Even with these more modest, settings Monster Hunter World is still seeing GPU related drops and seems particularly prone to losing a lot of performance in alpha-heavy scenes. Putting RX 580 and GTX 1060 head to head, the AMD card seems faster in general, but those problem areas are vastly more impacted than they are on GeForce with obvious, ugly stutter. A lot more performance can be clawed back by adjusting the LOD setting, but this will take you below console’s best showing and is clearly visible in gameplay, introducing some distracting pop-in. But if you’re looking to increase frame-rate, this is the easiest route forward.
The last bastion for achieving 60 fps on mid-range GPUs while retaining high LODs is to explore Monster Hunter’s dynamic resolution scaling options. First of all, there are fixed resolution options you can choose that keep the HUD at native resolution, while 3D elements are rendered at a lower pixel-count. Assuming a 1080p output, changing the resolution scaler to medium drops the buffer to 90 per cent on each axis, giving a 1728×972 internal pixel-count. Adopting medium sees this drop to 75 per cent for a 1440×810 resolution. But more interestingly, there are dynamic options that change resolution on the fly according to load, when you choose a frame-rate limit, such as 60fps.
With the ‘prioritise resolution’ option, the frame-time threshold and relative drops of resolution are more conservative – to the point where we couldn’t actually see it do anything on our chosen settings. With ‘prioritise frame-rate’, the resolution adjusts more aggressively to maintain performance – and this is essentially our magic button on PC to get that extra push up in moments that would otherwise be below 60fps. It does the job well enough, but Capcom’s dynamic scaling solution isn’t totally ideal. There’s a ‘gap’ of a couple of frames as it transitions between resolutions, introducing some stutter.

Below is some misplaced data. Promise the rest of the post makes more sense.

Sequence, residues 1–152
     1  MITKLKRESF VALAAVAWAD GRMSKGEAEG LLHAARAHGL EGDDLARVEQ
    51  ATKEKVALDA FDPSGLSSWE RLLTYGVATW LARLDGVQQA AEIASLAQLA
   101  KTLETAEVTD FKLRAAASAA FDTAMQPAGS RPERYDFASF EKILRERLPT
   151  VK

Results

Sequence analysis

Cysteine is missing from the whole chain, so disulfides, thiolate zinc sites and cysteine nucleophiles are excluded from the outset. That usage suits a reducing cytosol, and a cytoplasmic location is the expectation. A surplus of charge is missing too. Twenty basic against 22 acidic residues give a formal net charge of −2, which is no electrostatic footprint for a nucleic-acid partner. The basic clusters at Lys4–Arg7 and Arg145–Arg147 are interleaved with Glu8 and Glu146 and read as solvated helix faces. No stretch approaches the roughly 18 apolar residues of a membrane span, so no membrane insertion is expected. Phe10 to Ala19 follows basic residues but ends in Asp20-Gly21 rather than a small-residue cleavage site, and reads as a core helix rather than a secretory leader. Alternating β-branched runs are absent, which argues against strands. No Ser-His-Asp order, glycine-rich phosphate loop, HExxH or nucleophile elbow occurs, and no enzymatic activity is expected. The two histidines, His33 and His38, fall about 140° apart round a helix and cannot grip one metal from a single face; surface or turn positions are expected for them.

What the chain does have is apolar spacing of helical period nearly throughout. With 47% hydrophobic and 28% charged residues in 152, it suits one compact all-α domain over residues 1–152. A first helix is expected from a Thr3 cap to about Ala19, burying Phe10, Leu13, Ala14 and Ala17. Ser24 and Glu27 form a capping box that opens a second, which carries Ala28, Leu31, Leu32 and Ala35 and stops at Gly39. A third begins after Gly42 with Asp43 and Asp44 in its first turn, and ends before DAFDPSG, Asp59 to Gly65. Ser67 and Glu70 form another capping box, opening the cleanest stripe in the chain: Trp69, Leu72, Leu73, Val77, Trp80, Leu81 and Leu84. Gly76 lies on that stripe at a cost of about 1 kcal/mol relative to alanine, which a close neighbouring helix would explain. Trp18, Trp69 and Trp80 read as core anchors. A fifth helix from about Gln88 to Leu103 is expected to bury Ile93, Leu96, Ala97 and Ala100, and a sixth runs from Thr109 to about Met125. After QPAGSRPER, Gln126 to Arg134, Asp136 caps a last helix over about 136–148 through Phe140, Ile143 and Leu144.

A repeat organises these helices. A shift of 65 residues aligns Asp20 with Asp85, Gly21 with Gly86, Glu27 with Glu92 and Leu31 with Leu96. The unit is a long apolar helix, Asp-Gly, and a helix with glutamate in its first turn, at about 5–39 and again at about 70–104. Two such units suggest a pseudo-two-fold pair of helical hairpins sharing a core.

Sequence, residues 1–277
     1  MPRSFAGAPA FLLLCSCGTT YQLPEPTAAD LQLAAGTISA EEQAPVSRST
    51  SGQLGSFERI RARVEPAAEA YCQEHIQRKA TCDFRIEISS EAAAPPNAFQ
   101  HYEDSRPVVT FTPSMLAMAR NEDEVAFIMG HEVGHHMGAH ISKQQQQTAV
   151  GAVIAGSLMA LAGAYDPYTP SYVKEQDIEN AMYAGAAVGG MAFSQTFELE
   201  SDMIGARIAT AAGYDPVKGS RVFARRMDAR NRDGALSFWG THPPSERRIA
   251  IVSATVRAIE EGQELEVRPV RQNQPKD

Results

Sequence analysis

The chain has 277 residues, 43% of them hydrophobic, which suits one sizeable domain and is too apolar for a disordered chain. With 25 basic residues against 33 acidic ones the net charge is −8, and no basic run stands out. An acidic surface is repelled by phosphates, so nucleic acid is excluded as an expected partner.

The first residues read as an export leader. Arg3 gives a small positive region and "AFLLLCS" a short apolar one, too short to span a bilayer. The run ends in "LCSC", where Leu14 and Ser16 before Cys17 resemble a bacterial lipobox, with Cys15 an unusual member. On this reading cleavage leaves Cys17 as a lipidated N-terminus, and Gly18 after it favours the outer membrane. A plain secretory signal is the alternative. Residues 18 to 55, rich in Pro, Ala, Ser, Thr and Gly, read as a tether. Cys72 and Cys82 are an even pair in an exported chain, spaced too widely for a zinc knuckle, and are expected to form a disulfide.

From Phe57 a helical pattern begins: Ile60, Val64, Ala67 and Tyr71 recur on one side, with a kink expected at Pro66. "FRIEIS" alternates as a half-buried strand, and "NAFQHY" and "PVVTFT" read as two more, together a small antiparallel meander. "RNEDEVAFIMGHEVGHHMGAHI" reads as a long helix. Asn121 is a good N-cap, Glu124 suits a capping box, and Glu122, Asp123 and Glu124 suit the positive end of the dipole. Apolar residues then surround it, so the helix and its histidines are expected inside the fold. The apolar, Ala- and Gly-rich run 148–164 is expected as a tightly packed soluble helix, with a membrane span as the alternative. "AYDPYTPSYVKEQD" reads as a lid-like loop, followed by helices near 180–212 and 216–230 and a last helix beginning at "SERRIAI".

So, in a sense, we’ve failed in our quest – locking to 1080p60 on PC with an Xbox One X-level visual feature set is just too much and compromises need to be made. By and large, the game still looks great, but I can’t shake the feeling that this game’s settings still do not offer enough granularity. The massive difference between medium and high LOD settings in outdoor areas is telling. More intermediate options would surely make a lot of sense here for a setting that has such a dramatic effect on GPU performance. The high preset here looks great, but it is expensive – while medium and low are increase performance dramatically, but look a lot, lot worse. On top of that lack of granularity, I think the fact that some textures currently look worse than Xbox One X and the fact that screen-space water reflections are not working correctly suggests that a bit more testing would have really helped this PC release.
And addressing matters beyond the visuals, Monster Hunter World has some issues in basic ‘quality of life’ menu navigation. There are so many menus and approval prompts in this game that using them makes for a wearying experience, while the lack of a basic, fully working quit function is also annoying. The classic ALT-F4 fall-back doesn’t work and in some game sequences, the only way we could fully quit the game was to drop back to the desktop, access the Windows task manager and kill the process there.
Ultimately, what we have here is a port that isn’t too onerous on memory or CPU, but really hammers your GPU hard if you’re looking to enjoy the game at its best, even on relatively lowly resolutions like 1080p. The bugs and graphics omissions are a little puzzling, while additional depth in the settings may also help to extract further scalability for those with mid-range gaming PCs. Right now it’s challenging for 1080p champions like the RX 580 and GTX 1060 to deliver good, solid performance at 60fps without losing resolution via the dynamic scaler, or alternatively losing detail via the crucial LOD setting. Hopefully a patch will come along to address the bugs – but we’d like to think that Capcom could push the boat out a little higher and do more to address the title’s scalability issues.